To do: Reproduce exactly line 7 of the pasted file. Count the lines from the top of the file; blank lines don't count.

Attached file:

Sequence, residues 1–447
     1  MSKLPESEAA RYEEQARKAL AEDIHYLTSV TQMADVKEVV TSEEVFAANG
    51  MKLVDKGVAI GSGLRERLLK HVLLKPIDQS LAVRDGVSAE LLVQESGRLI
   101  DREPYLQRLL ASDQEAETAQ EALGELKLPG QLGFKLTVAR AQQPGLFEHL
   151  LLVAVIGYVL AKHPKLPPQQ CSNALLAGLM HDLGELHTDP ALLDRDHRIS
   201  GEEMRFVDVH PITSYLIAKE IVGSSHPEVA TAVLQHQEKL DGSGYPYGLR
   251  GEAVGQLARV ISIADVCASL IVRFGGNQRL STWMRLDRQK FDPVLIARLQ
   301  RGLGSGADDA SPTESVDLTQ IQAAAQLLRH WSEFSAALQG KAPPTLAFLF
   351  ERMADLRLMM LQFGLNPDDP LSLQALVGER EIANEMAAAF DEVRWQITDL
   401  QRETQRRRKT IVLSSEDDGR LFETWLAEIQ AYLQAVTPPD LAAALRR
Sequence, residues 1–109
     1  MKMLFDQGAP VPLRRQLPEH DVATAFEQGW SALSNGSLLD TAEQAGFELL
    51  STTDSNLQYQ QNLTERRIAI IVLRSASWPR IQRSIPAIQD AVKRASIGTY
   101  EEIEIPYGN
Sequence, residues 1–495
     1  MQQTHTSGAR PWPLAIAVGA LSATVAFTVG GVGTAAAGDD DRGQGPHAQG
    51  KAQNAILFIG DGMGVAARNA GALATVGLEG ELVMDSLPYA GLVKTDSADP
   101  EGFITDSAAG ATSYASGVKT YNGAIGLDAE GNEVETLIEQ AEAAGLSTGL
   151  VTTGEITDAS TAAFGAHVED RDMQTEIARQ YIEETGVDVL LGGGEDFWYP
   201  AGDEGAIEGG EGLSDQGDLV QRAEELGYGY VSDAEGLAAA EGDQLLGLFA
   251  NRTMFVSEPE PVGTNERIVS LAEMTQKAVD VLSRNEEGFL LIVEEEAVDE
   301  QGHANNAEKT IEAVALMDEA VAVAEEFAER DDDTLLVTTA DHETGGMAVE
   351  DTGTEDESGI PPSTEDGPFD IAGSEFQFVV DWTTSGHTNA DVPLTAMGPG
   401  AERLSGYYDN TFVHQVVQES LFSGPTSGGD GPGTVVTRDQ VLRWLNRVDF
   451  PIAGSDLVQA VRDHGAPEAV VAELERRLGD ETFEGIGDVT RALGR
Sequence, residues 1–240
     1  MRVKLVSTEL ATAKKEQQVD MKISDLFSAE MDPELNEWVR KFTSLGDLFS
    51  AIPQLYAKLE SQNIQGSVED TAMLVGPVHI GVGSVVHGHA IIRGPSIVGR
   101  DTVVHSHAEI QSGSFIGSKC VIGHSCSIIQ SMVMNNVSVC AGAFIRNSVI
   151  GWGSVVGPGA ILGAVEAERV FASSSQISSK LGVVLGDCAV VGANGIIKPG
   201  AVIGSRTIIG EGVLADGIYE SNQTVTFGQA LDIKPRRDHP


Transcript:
   251  GEAVGQLARV ISIADVCASL IVRFGGNQRL STWMRLDRQK FDPVLIARLQ